VoIP is not just a service that mimics telephone conversations. It is far more progressive than that. If you have a webcam, you will be able to see the person you are speaking to, facilitating a video conference. You also have the capability to talk to multiple users if you wanted to and make it a multi-site-call. This can be an advantage if you are on vacation but need to be on call for business related activities. For example, you have a file you missed to endorse to a certain employee. VoIP can let you talk to this person and share that file at the same. What is more interesting is that text files are not the only types of documents you can share using VoIP. You can also send rich media files such as videos and audio. You can even attach a voice message using your email!

When you choose VoIP, you improve inter-personnel communication. Since people now are discovering the advantages of using the Internet when placing orders or building business contacts, you too can benefit by making yourself easily reachable with the use of VoIP and other Unified Communication technologies.

How Unified Communications Can Improve Your Business Strategy

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Unified Communications in Enterprises (photo by Victor1558)

More and more businesses are using advances in technology to further their reach and expand. A number of businesses are already familiar with Skype, and that tool has enabled businesses to contact clients and team members who may work from home at a seconds notice. Unified Communications have created a system that has all the benefits of Skype and incorporates other forms of communication too, making it the complete package.

What is Unified Communications?

Unification of communication systems can really give your business a competitive edge and enable you to keep all your forms of communication in one place, making it easy to maintain and man-manage on a day-to-day basis. It enables you to combine telephone and business data on one single network, and gives you the flexibility in your communication to combine and use voice, video and data in applications. You can also save and forward instant message streams, phone calls, faxes and emails, voicemail and video conference sessions as data files. This way, nobody is left out of the loop.

The data is encrypted to ensure that it cannot be obtained and fall into the wrong hands, giving you complete security when passing data across your network. If there is sensitive or important information being sent across, you can rest assured that it will stay in the appropriate circles, regardless of whether it is sent in the form of an email, voice call or video.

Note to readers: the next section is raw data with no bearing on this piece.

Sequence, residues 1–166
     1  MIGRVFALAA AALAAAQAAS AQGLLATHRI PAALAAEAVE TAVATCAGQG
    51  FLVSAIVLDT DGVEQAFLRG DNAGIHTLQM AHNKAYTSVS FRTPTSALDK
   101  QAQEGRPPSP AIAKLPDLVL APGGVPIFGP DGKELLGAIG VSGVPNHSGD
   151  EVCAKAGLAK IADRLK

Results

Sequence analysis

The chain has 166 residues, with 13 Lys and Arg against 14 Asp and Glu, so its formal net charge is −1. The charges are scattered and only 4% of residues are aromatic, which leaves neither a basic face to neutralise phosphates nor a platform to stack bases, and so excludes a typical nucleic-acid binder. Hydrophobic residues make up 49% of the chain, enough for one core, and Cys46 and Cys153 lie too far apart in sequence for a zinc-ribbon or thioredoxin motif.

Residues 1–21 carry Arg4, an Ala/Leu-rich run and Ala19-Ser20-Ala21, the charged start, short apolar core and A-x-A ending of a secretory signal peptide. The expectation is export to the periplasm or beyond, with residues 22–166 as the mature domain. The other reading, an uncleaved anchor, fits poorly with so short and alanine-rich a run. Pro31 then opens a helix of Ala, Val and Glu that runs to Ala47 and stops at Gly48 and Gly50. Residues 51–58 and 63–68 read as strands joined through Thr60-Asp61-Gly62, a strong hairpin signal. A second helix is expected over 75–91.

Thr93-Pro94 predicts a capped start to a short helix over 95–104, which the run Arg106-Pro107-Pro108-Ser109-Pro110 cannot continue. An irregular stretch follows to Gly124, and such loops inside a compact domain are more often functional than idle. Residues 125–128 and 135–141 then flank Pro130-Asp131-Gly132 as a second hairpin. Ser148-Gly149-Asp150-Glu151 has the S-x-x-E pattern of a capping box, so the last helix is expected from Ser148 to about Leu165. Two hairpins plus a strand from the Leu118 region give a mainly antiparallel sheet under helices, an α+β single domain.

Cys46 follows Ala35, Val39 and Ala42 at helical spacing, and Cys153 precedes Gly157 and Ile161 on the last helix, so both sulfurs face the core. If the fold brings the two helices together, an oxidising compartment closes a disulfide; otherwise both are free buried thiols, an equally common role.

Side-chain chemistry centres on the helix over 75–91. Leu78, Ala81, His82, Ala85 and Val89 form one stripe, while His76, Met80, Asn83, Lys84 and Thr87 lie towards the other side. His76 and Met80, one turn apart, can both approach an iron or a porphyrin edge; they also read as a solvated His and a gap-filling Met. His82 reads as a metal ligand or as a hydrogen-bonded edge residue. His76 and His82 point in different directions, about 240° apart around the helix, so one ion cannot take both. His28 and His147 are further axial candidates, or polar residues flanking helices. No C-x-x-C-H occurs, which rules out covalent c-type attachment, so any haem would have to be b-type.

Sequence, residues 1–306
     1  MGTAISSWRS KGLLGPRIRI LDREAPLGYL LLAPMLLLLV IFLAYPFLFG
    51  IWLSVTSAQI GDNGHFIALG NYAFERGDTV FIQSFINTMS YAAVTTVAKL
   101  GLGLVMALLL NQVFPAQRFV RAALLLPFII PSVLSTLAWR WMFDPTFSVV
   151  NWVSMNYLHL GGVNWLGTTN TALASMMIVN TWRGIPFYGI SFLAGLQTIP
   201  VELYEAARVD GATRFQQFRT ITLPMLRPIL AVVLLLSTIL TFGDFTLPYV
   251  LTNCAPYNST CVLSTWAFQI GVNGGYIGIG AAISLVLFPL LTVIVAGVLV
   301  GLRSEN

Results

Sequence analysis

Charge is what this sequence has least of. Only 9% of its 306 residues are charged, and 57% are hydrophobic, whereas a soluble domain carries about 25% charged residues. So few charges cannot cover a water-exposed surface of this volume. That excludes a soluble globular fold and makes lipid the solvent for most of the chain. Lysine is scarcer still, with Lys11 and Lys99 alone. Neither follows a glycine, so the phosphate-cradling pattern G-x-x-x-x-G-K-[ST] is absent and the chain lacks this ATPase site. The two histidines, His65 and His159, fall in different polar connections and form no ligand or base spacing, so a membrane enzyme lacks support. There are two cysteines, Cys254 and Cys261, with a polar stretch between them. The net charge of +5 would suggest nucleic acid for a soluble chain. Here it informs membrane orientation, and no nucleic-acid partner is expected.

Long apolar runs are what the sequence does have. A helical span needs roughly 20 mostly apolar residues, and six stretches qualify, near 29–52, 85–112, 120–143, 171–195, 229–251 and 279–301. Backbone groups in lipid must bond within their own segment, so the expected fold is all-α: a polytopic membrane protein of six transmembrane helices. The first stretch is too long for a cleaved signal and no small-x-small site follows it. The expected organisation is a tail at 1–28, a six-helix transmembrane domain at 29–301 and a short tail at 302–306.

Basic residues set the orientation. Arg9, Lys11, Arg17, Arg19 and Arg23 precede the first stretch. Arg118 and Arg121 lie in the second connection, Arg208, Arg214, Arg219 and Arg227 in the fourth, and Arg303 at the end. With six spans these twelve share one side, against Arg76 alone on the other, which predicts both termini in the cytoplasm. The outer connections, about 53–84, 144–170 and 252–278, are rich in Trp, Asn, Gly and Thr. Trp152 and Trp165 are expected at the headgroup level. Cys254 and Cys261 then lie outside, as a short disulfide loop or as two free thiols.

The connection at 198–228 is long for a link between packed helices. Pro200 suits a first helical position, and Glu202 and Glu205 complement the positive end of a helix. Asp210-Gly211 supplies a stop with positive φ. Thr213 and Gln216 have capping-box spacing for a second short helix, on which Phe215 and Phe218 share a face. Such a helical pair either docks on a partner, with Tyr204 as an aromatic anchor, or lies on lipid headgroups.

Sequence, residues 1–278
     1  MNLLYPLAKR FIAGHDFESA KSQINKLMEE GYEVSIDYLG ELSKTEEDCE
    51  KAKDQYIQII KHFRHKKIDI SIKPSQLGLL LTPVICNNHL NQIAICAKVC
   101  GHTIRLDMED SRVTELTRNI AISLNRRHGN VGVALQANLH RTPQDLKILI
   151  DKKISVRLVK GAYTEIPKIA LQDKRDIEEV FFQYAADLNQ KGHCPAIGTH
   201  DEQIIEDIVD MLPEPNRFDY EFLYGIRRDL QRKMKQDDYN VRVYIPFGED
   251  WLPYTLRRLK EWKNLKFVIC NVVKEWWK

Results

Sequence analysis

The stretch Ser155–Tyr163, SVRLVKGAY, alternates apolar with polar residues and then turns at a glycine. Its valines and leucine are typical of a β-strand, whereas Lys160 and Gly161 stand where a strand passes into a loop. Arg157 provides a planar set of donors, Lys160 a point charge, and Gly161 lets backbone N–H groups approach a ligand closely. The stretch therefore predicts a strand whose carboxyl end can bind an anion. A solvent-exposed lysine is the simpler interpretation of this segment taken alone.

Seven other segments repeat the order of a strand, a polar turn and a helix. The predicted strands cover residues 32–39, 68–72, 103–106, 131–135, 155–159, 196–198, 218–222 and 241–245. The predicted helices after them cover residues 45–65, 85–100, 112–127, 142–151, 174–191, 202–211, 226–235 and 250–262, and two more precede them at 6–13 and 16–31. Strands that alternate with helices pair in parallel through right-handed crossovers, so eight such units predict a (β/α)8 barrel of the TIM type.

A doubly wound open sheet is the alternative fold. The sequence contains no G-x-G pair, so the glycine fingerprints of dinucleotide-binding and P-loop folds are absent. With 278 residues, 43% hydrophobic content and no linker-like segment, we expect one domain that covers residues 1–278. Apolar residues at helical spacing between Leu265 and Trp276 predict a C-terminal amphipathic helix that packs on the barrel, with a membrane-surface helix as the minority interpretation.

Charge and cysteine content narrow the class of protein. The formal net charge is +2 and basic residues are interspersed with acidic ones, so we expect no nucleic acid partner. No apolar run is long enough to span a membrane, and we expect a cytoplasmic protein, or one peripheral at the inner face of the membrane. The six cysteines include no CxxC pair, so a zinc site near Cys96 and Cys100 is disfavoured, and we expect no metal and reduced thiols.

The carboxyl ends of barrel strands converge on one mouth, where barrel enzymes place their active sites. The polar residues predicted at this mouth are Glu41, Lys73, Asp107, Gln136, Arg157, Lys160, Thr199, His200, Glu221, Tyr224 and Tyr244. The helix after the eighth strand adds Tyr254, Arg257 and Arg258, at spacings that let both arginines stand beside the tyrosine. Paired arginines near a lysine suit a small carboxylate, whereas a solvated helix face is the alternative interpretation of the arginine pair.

How Can Unified Communications Improve My Business Strategy?

The name of the game here is ease of use and a lack of complication. When you have ten plates spinning, there’s a good chance that any could become neglected and fall. Unified Communications allows you to keep everything in order and in one place, meaning that one person can take care of everything if need be, and without any confusion or frustration. The team member can use a single phone number or handset and a unified inbox for all the available communications too. An easier life for your team is the ultimately goal for everybody, and this system provides it.

Cost Saving

Every business strategy needs a budget in place, and every business needs to know what costs are going to be made and saved by the strategy they put into place. Unified Communications save businesses a great deal of money by having all of your communications related outgoings being billed as one item. This makes it a great deal easier for businesses to set a budget and fill out a profit-and-loss. If a business can budget easier, it makes it a lot less difficult to plan ahead.

The systems are pretty inexpensive too, meaning that more small businesses are turning to Unified Communications so that they can save on a variety of systems they would have to set up individually and just focus on the one system that unifies everything, from voice, to email, fax and SMS.

Time is a valuable commodity when putting together a business strategy, and with a unified communication system in place, you can save time and money on training team members on how to use a variety of systems. Once you have a team member trained to a high standard on a unified system, you would have covered all channels of communication, which in turn will help keep your customer service to a high standard and improve efficiency.

Improving Customer Service